The last possible scenario is where there is a difference in depreciation in the calculation done by the Income Tax Department with the one presented by the company. This gap is considered deferred tax as well.
There is no hard and fast rule for calculating deferred tax. It is simply the difference between the total profits in two financial reports – the income statement and tax statement.
Have a look at the illustration below to get a better understanding:
|Attributes||Income Report (Rs.)||Tax Statement (Rs.)|
|Gross profit before depreciation and taxation||7,00,000||7,00,000|
|Gross profit after depreciation||6,10,000||6,20,000|
As you can see, the taxable income here varies by Rs.10,000, and so does the depreciation. Hence, the tax liability should be 30% on Rs 6,20,000, which is Rs.1,86,000 (as per Income Tax slab, new regime). But according to the income statement, the tax liability should have been Rs.1,83,000. An additional Rs.3,000 is an advance expense, which creates the deferred tax asset.
Deferred tax is calculated as per accounting standards. Hence, if done rightly, you can find the following benefits of tax deferral:
A tax-deferred account and a tax-exempt account both offer tax benefits on your investments. But these vary fundamentally. Here are the differences between a tax-deferred and a tax-exempt accounts:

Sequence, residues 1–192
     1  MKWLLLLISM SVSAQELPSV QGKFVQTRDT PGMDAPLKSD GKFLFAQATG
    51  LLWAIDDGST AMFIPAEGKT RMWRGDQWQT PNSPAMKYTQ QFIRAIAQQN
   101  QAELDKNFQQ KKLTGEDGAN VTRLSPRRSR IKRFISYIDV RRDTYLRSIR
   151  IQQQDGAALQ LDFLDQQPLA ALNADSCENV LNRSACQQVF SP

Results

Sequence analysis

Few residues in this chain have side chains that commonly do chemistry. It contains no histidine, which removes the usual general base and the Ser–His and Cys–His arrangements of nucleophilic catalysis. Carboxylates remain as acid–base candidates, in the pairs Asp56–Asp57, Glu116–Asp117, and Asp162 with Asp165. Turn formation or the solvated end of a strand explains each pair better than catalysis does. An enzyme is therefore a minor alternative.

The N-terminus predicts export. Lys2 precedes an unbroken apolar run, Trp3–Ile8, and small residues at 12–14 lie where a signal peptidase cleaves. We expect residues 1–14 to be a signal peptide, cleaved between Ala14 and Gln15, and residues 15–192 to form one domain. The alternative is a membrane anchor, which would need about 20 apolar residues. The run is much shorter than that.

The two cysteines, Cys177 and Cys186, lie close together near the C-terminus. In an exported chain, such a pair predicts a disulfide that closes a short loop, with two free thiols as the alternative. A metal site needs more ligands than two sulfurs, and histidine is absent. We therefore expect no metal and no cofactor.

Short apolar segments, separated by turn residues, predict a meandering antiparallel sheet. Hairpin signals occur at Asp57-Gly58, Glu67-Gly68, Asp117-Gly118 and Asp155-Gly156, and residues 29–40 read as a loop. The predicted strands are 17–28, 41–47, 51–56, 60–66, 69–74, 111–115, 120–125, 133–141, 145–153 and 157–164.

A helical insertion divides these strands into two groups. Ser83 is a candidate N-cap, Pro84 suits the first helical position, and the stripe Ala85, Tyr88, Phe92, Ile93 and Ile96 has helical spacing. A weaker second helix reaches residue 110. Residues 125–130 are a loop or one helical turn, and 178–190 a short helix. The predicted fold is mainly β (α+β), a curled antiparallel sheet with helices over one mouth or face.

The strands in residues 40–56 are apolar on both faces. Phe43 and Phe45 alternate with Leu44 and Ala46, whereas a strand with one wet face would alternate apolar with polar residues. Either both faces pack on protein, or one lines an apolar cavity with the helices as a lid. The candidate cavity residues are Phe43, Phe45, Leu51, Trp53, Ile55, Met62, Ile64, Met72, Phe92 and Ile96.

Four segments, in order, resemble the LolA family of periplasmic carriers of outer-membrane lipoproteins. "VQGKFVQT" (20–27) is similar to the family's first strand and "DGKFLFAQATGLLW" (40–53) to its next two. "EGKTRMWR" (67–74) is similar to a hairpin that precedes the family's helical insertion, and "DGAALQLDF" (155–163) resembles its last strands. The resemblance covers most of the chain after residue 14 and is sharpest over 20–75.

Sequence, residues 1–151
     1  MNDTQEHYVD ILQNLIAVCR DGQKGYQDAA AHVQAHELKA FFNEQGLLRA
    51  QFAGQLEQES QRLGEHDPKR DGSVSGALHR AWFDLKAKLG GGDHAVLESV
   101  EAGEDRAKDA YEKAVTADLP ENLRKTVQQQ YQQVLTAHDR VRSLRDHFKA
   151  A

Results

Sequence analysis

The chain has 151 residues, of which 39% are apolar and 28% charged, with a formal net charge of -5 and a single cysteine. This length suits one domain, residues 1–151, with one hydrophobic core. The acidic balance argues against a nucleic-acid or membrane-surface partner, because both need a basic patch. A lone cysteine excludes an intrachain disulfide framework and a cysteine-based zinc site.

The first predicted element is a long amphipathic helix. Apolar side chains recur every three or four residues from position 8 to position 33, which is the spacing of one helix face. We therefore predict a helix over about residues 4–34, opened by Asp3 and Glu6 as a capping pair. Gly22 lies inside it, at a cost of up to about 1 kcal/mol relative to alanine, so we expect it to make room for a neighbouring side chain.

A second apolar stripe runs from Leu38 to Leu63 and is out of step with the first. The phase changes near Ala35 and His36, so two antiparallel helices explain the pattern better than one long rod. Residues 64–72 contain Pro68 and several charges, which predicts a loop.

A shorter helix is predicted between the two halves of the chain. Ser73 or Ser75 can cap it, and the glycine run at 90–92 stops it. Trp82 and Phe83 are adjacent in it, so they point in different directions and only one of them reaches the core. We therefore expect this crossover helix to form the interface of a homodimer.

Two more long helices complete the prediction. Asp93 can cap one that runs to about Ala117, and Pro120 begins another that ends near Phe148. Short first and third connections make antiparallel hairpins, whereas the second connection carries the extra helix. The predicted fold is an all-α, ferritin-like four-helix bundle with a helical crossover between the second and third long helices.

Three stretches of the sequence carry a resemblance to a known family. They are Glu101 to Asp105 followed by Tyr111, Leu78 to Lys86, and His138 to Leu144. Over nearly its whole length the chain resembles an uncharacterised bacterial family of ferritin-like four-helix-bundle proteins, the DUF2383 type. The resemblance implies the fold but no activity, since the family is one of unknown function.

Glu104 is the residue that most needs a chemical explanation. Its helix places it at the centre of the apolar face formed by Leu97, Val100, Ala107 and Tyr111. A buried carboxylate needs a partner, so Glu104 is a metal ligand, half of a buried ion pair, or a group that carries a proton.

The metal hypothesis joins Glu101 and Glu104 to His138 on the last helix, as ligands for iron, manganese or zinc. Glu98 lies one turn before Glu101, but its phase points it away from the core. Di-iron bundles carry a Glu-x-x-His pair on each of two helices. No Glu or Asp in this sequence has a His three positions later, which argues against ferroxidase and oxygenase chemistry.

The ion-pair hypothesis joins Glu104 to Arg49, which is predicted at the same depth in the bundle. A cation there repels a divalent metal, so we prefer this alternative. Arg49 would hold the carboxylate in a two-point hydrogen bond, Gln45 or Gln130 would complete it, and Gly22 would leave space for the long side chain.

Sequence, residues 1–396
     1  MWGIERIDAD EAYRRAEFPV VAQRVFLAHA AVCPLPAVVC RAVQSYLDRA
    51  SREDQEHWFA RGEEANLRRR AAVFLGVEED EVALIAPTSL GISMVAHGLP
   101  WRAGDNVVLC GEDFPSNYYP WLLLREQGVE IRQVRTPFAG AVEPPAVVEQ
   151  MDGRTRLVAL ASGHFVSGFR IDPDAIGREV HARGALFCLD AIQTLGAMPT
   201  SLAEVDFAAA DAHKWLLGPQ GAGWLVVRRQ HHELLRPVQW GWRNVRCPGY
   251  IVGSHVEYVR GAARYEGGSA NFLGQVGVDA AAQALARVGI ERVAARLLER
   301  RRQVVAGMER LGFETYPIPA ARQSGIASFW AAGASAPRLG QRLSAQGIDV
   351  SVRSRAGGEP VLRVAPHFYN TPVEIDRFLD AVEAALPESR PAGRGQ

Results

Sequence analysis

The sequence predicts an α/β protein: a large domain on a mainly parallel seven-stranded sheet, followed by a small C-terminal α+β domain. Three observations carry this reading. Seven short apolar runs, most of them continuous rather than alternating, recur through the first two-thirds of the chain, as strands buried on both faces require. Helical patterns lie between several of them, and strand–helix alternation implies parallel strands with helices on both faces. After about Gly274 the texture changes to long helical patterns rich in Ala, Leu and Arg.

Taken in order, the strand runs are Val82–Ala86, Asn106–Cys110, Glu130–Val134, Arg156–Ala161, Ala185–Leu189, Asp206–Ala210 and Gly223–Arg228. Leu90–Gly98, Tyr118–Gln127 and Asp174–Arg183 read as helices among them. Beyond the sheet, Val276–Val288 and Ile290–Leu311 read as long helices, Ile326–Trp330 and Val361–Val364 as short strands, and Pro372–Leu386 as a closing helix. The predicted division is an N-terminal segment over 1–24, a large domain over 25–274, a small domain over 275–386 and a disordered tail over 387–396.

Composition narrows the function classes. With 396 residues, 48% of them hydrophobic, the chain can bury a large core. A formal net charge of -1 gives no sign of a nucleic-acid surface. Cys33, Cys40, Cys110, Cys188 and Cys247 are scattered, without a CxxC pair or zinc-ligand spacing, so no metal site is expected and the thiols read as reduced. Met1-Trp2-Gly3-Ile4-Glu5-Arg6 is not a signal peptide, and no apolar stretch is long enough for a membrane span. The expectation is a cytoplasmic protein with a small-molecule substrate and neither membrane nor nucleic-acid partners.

Tax deduction on tax deferred accounts is available in a few accounts, such as retirement plans and life insurance policies. One can claim a tax deduction in such accounts for the contribution he/she makes in a year. This might not be available for all types of accounts, but you will have the facility of tax deferral for each succeeding year.
Also Read: What is Tax Evasion and What are the Penalties?
The term “defer” means “delay” or “postpone,” which should throw some light on what is meant by “deferred tax” and how this account works. In this article, you will find the relevant information which will hopefully satiate your curiosity or doubt in simple terms.
Ans. Oftentimes, companies make and keep two copies of the financial statements. One is for their personal use, and one is to present to the tax authorities. This is referred to as dual accounting.
Ans. IRA or individual retirement accounts are tax-deferred accounts. These accounts are ideal for investment plans for retirement as it allows you to delay paying taxes until withdrawal on maturity.
Ans. Deferred income tax, as the name suggests, is when an organisation postpones or delays paying income taxes for a particular period. There can be more than one reason behind such a delay.
Ans. A tax-deferred exchange is where someone is allowed to sell an appreciated asset and can delay paying taxes on the capital gain. Instead, that individual has to purchase another property with that capital gain.
Ans. Deferred tax liabilities appear as non-current assets on the balance sheet of a company. This is not a current liability as the company does not need to pay it immediately but at a later date in the future.
|Section 194IB||Section 44AA||Section 80E|
|Section 195||Section 80EEA||Section 80DD|
|Section 80CCC||Section 80GG||Section 80 G|
|Section 54F||Section 1941A||Section 10|
|Section 194Q||Section 192||Section 269SS|
|Section 80DDB||Section 44AD||Section 194C|
|Section 194A||Section 194H||Section 80D|
|Section 80C||Section 80C, 24(b), 80EE & 80EEA||Section 234A|
|Section 50C||Section 80C||Section 80EEA|
|Section 194B||Section 194J||Section 206C|
|Section 80CCG||Section 80 EEB||Section 24Q|
|Section 40b||Section 194C||Section 54EC|